July 13, 2020

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Climate change creates risky environment

Environment a prominent factor in monetary risk assessment

Hey there, time traveller!
This article was published 23/2/2019 (506 days ago), so information in it may no longer be current.

Stormy weather lies ahead.

That’s not a forecast for a blizzard or deluge, but a prediction for your investments.

The bankruptcy filing last month by a U.S. utility company — Pacific Gas and Electric Corp. (PG&E) — points to trouble ahead as the effects of climate change start to pile up.

The California power company faces tens of billions of dollars in liability claims for its alleged role in sparking massive wildfires, including one in November that burned down Paradise — a once-scenic woodland city of about 25,000 residents.

Although massive blazes incinerating large swaths of land and communities are now commonplace — because of a hotter planet — what’s different is this wildfire drove a major publicly traded company to insolvency.

And it’s a utility company of all things — a class of investments often considered to be well-positioned as climate change deepens, because these firms are at the forefront of energy efficiency and renewables. What’s more, PG&E, like so many utility companies, was considered a steady investment. It paid a good dividend, which made it ideal for income-needy boomers.

Yet those familiar with the risks climate change poses to financial markets say we should expect more of the same or worse over the coming years.

Mike Thiessen, vice-president of sustainable research at Genus Capital in Vancouver, says what happened to PG&E further illustrates how markets have been slow to put a price on climate-change risks.

Even though most investors may not have seen it coming, PG&E "had a very high risk because it was operating in California, where there has been a drought for about a decade," he says.

What’s more, the company was not as diligent as others in mitigating risks. And its perceived mismanagement has now opened it up to lawsuits, Thiessen says.

California law has also played a role in the company’s troubles.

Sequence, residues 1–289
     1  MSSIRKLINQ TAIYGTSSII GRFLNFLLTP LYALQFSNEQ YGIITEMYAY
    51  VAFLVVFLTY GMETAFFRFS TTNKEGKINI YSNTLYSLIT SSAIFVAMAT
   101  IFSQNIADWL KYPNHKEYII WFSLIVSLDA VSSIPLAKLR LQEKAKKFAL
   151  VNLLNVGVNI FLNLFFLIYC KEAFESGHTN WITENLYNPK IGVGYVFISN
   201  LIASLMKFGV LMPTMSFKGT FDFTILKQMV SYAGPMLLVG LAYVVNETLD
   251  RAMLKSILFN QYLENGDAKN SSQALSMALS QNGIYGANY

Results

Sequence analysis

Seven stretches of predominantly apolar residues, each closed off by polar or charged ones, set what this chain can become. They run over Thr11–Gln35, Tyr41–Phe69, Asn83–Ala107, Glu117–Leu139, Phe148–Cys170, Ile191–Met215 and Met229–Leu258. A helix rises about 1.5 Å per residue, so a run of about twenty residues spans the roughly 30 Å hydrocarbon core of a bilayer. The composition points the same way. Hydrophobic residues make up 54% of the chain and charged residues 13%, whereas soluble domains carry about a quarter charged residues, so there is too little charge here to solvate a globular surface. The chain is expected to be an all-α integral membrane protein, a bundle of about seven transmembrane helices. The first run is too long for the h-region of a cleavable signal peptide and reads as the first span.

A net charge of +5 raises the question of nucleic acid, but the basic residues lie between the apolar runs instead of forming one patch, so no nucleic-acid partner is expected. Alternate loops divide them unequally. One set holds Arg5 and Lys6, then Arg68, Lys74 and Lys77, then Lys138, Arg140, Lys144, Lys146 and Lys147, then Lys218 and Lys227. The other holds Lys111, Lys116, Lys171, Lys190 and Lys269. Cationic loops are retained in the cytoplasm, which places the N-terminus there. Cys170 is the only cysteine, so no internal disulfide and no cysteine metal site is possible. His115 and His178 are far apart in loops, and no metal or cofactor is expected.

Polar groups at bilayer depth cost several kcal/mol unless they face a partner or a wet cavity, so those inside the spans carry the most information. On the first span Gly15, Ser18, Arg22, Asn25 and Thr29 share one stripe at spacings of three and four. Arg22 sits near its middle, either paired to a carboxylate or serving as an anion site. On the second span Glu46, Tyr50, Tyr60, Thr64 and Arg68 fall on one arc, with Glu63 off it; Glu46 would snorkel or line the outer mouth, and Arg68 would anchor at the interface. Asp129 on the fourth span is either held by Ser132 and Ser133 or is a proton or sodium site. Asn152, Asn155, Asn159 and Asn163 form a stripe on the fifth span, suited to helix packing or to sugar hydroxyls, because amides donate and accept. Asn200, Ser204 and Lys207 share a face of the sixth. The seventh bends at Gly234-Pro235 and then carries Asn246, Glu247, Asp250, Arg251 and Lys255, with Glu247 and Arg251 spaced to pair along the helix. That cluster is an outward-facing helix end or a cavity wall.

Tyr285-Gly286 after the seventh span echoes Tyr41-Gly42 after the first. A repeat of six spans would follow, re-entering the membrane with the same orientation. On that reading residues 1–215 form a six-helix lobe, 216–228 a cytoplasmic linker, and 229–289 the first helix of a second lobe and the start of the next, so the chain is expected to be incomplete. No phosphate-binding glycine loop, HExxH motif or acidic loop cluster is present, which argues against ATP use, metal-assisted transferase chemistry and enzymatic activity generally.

We should expect the rules to become more stringent elsewhere, including Canada, as the effects of a warming planet become more burdensome.

More than ever, investors need to pay attention to what was once considered a niche segment of investing. If you’re not viewing your investments through an environmental, social and governance (ESG) lens, your money is more at risk than you probably realize, he adds.

While environmental risk is top of mind for many investors, all three considerations are deeply connected, because what’s good for society and corporate governance is now often equally so for the planet. And it’s often average people driving the movement, asking advisers about these investment options, says Fred Pinto, head of asset management with NEI Investments, one of Canada’s leading investment firms specializing in ESG.

"I would say many investors are further along in their appreciation of the issues than the advisory industry."

Yet more advisers are now going green, too, including certified financial planner MaryAnn Kokan-Nyhof with Desjardins Financial Security Investments. The Winnipeg financial adviser increasingly found herself fielding questions from clients about the effects of climate change on their investments. So, she started offering ESG-focused strategies a few years ago.

And she urges other advisers to consider doing the same. Or they should at least start up discussions with clients on the subject because "sadly, many investors are not yet aware of the options."

What shouldn’t be part of the discussion is that investing with the environment in mind will cost you returns in your portfolio, Pinto says.

"Are we seeing better returns now with ESG than without it?" he says.

"To be honest, that is hard to prove. But there is lots of research out there that shows the returns are just as good."

More and more, however, an argument can be made that investing in a company which isn’t incorporating ESG considerations into its operations is more risky than investing in one that is, he says. Taking this notion a bit further, what happened to PG&E could happen to companies in our portfolios.

Certainly, Thiessen believes this is a risk in the future, especially for Canadians, with our bias toward oil and gas companies in our portfolios.

"Because communities and governments see increasingly what climate change is doing, they’re going to want to regulate carbon even more," Thiessen says.

Struggling oil and gas companies could be even more challenged to turn a profit. They even face the prospect of holding stranded assets, a situation in which developing and bringing these resources to market becomes too costly to be competitive.

"The oilsands and arctic drilling are at the very top of this list when it comes to this risk," Thiessen says.

This is unlikely to happen soon, he adds. Our reliance on hydrocarbon energy is not going away just yet. But we have already seen how technology can quickly disrupt the industry. Most recently, advances in hydraulic fracturing have opened up access to sources of oil and gas previously thought unviable. And that has created more competition for Canadian oilsands, pushing down prices and helping send the industry into a slump. Additionally, advances regarding renewables will only further change the paradigm for energy.

Then again, as PG&E’s recent history demonstrates, it’s not just oil and gas companies people should worry about, but any firm not taking climate change seriously.

"ESG considerations just aren’t the nice thing to do anymore," Thiessen says.

"They’re something that you have to do."


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